Cardiffâs Artes Mundi 9 prize to be split between six nominees
One of the most important art prizes in the UK is to be split between its six nominees after the Artes Mundi 9 judging panel said it wanted to acknowledge the âexceptional social and economic upheavalâ of the Covid-19 pandemic.
Artes Mundi â the Cardiff-based biennial exhibition that shows political art â will give Â£10,000 awards to the South African multimedia artist Dineo Seshee Bopape, Puerto Ricoâs Beatriz Santiago MuÃ±oz, the Dominican Republic-born artist Firelei BÃ¡ez, the American photographer Carrie Mae Weems, Indiaâs Prabhakar Pachpute and the Japanese artist Meiro Koizumi.
The usual Â£40,000 individual prize â the largest visual art prize in Britain â was scrapped by the judging panel, which included curators Elvira Dyangani-Ose, Rachel Kent and Cosmin Costinas.
In a joint statement, the panel said they reached a âcollective, unanimous decisionâ to award the Artes Mundi 9 prize to all six participating artists, whose work they said was âpowerfully relevant todayâ.
A statement read: âEach artist has demonstrated great resilience in overcoming the many global obstacles that Covid-19 has presented. Collectively, the exhibition speaks to their distinctive and powerful voices in ways that are rich, thoughtful and rewarding.â
Nigel Prince, the director of Artes Mundi, who chairs the judging panel, said the decision had been made after hours of debate among the jurors, who wanted to âacknowledge the context in which the artists were workingâ and, in particular, the impact of the Covid-19 pandemic.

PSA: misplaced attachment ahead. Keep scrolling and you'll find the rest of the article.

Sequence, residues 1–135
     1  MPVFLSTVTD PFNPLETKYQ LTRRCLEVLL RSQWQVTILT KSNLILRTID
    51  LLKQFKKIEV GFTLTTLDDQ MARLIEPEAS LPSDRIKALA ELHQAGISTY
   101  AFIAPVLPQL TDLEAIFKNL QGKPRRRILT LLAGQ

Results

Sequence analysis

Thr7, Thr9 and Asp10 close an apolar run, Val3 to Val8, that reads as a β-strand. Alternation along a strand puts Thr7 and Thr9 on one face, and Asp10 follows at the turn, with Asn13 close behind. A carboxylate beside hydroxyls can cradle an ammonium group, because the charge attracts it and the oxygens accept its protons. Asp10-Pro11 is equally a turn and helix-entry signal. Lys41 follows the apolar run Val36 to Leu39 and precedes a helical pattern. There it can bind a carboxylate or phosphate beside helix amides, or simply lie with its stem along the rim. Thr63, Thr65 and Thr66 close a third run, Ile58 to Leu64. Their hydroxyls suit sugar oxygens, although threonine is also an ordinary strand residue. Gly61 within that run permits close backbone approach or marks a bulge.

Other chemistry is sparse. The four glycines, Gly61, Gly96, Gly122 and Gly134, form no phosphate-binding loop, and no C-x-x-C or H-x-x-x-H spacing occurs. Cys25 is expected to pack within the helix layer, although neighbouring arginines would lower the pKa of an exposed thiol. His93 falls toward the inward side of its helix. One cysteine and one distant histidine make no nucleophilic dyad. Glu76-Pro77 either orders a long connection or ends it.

âThe work deals with all sorts of issues that have been accelerated into the social consciousness during the pandemic: privilege and racism and injustices and social inequalities and representation and all of these big issues,â he said.
The award had been well reviewed, with the Guardianâs Adrian Searle picking out Koizumiâs three-channel The Angels of Testimony, which focuses on a man who relives the atrocities he witnessed as a Japanese soldier in China and Okinawa, as the standout work. Searle said it âoverwhelms everything else in Artes Mundiâ.
BÃ¡ezâs paintings were described as âgreat, hectic, explosive thingsâ, and Bopapeâs clay and soil drawings were praised, too. MuÃ±ozâs short films show ing Puerto Rico in the aftermath of 2017âs Hurricane Maria, meanwhile, were described as difficult to follow.Artes Mundi 9 review â wide-ranging show dominated by one devastating work Read more
Prince confirmed the extra Â£20,000 prize money had come from the funds that had been saved by not flying in and hosting artists and judges for the award.
Artes Mundi is the latest British art prize to not name an outright winner.
When the Baltic in Gateshead launched its biennial award for emerging artists in 2016, it confirmed there would be no winner or awards ceremony, with each artist being given a Â£30,000 commission and a 13-week exhibition.
In 2019, the Turner Prize was awarded to Lawrence Abu Hamdan, Helen Cammock, Oscar Murillo and Tai Shani after they appealed to the judges to split it evenly in a âsymbolic gesture of cohesionâ rather than pick out a definitive winner.
For last yearâs cancelled Turner Prize, Â£10,000 âTurner bursariesâ were awarded to deserving artists . It usually offers Â£25,000 to the winner.
Prince said it was too early to say if the next Artes Mundi, which marks its 20th anniversary, would also be evenly split.